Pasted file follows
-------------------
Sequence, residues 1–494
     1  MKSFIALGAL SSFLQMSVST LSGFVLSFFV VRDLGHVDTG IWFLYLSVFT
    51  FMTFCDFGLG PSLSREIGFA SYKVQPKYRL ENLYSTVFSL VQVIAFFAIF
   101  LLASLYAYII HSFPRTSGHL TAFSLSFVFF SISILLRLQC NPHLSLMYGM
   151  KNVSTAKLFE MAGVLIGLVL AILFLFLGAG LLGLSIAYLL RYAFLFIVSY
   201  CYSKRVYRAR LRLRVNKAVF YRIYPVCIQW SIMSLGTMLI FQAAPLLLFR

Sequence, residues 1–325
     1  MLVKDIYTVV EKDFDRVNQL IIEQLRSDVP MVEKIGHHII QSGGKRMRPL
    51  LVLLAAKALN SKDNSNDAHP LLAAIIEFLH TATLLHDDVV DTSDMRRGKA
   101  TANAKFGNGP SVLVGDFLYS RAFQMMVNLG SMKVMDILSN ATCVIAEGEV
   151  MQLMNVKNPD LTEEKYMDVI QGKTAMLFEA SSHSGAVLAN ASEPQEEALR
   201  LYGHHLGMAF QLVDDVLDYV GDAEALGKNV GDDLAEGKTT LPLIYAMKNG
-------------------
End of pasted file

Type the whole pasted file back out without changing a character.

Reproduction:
Sequence, residues 1–494
     1  MKSFIALGAL SSFLQMSVST LSGFVLSFFV VRDLGHVDTG IWFLYLSVFT
    51  FMTFCDFGLG PSLSREIGFA SYKVQPKYRL ENLYSTVFSL VQVIAFFAIF
   101  LLASLYAYII HSFPRTSGHL TAFSLSFVFF SISILLRLQC NPHLSLMYGM
   151  KNVSTAKLFE MAGVLIGLVL AILFLFLGAG LLGLSIAYLL RYAFLFIVSY
   201  CYSKRVYRAR LRLRVNKAVF YRIYPVCIQW SIMSLGTMLI FQAAPLLLFR

Sequence, residues 1–325
     1  MLVKDIYTVV EKDFDRVNQL IIEQLRSDVP MVEKIGHHII QSGGKRMRPL
    51  LVLLAAKALN SKDNSNDAHP LLAAIIEFLH TATLLHDDVV DTSDMRRGKA
   101  TANAKFGNGP SVLVGDFLYS RAFQMMVNLG SMKVMDILSN ATCVIAEGEV
   151  MQLMNVKNPD LTEEKYMDVI QGKTAMLFEA SSHSGAVLAN ASEPQEEALR
   201  LYGHHLGMAF QLVDDVLDYV GDAEALGKNV GDDLAEGKTT LPLIYAMKNG